I love this time of year, as it is the perfect time to do a bit of spring cleaning! I love decluttering my home, my wardrobe and giving the house a deep clean. However, my deep clean doesn’t include toxic products and harmful chemicals! I want you to know that there are many natural products, such as apple cider vinegar, that can do an amazing job at cleaning your home. There are also many more brands popping up that specialise in non-toxic cleaning products. However, to opt for these, you need to be aware of what ingredients are a big no-no for your health!
To assist you in reducing your exposure to these toxic ingredients, I've compiled a list of 14 ingredients to avoid in cleaning products. I have simplified this list to make it easy to follow, although I do appreciate that avoiding toxic chemicals in this day and age is a bit of a minefield - that’s why I stick to what I can trust, apple cider vinegar!
Did you know that fragrances are in almost all the products you use at home, from bathroom cleaners to laundry detergents? They can be natural or synthetic, but even essential oils can cause allergies for some people.
These fragrances are made up of over 3,000 chemicals, and they're used to create or cover up smells. So, your air fresheners, deodorizers, and fabric softeners are all guilty of it. But watch out for air fresheners in particular - they might contain cancer-causing chemicals like benzene and formaldehyde, as well as phthalates and VOCs.
Parfum and perfumed products are also big offenders due tophthalates, which can interfere with your hormones. Some companies have already removed phthalates from their products due to health concerns, but watch out for dibutyl phthalate (DBP) in glass cleaners and floor polishes. The European Union actually says it's highly toxic to aquatic organisms.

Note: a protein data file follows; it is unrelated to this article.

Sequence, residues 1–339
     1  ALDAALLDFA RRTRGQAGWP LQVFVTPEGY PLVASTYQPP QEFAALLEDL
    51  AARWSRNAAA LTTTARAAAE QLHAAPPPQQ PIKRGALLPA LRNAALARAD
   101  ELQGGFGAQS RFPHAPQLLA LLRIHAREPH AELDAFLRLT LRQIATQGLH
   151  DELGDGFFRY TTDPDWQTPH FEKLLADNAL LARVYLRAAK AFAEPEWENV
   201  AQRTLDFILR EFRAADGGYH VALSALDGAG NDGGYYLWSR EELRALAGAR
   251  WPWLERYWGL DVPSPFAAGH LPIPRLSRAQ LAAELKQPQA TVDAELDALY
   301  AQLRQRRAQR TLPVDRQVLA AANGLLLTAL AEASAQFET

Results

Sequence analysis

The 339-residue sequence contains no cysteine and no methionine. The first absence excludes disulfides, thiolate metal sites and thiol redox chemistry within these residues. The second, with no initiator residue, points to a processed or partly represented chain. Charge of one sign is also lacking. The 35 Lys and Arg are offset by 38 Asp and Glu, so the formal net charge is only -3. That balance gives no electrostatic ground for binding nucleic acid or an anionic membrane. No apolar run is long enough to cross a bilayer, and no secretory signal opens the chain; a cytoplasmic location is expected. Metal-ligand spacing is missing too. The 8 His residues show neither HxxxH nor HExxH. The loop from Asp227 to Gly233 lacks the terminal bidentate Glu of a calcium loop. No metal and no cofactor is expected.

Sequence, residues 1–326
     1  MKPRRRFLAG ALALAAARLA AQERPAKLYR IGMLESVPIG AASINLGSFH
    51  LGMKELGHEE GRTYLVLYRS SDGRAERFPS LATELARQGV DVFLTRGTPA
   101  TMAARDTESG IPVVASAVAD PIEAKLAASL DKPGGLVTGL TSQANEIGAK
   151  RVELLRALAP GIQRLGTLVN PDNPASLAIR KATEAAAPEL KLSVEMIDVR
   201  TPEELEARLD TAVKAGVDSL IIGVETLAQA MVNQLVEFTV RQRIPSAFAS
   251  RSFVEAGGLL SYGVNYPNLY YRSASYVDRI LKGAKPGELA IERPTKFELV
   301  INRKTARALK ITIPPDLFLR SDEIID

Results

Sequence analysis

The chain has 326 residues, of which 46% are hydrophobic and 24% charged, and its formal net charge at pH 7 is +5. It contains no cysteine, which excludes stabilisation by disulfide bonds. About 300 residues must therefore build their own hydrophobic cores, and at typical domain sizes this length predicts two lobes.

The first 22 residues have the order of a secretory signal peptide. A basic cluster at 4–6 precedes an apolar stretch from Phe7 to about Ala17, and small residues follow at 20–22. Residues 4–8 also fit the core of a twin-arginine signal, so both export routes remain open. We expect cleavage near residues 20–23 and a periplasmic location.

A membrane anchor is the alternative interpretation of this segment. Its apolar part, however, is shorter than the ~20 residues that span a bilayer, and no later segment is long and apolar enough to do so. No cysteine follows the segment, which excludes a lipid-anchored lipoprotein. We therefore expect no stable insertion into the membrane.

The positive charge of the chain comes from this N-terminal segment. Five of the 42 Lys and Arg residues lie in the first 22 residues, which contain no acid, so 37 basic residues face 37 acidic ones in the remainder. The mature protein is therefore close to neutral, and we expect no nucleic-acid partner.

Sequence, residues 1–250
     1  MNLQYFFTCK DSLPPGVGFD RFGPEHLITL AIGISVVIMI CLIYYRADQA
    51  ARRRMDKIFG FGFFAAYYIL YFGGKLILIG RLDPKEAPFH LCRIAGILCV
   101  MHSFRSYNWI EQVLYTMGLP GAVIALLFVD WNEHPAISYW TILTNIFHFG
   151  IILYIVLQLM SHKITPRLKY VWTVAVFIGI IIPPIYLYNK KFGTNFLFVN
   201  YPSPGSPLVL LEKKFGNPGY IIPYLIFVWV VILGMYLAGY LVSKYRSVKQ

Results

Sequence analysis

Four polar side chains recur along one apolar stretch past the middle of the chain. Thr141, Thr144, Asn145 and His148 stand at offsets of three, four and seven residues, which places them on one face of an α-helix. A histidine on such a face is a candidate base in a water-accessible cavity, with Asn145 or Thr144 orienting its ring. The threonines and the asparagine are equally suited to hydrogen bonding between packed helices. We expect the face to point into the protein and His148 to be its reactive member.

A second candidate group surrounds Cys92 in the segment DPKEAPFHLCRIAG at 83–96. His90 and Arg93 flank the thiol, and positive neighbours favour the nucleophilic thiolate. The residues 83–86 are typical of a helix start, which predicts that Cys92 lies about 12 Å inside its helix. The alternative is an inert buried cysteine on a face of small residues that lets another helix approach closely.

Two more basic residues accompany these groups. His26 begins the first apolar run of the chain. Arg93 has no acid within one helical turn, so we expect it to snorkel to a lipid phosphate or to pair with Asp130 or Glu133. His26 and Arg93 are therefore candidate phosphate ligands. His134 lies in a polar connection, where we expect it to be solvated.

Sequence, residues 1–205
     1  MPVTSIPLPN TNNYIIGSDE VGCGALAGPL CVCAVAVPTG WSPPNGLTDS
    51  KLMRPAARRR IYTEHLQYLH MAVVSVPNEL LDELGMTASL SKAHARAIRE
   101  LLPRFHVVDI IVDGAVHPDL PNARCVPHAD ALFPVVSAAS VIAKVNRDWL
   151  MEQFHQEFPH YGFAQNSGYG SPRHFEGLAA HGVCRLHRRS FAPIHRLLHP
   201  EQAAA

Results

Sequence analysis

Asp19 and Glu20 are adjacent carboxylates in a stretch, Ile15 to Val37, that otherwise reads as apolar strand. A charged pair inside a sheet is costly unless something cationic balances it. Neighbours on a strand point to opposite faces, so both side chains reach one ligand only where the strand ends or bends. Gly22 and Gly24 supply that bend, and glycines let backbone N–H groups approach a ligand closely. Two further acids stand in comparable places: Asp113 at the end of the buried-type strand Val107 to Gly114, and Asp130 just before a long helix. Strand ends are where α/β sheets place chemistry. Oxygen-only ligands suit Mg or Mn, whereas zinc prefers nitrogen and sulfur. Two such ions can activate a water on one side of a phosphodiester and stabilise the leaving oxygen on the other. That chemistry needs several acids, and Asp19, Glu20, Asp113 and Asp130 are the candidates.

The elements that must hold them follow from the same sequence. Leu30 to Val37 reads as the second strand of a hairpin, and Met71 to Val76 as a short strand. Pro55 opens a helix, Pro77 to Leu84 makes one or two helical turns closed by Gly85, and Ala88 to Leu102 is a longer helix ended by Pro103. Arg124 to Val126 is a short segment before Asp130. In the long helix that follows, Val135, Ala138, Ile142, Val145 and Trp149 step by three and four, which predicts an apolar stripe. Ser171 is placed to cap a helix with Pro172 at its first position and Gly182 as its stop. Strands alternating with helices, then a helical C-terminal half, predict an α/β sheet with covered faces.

To spot these fragrances on a label, keep an eye out for "Perfume/Fragrance" or "parfum." Phthalate, DEP, DEHP, and DBP may also be listed as ingredients.
Butyl Cellosolve, also known as Ethylene Glycol or 2-BE, is a colourless, flammable liquid that functions as a solvent in cleaning products. Solvents help remove dirt with minimal scrubbing effort, making them a popular ingredient in cleaning products. Butyl Cellosolve is part of the glycol ethers family and is commonly found in paints, coatings, hair dyes, nail polishes, nail polish removers, and skin cleansers. It is also present in glass cleaners, laundry stain removers, carpet cleaners, automobile cleaners, windshield wiper fluid, degreasers, oven cleaners, and rust removers.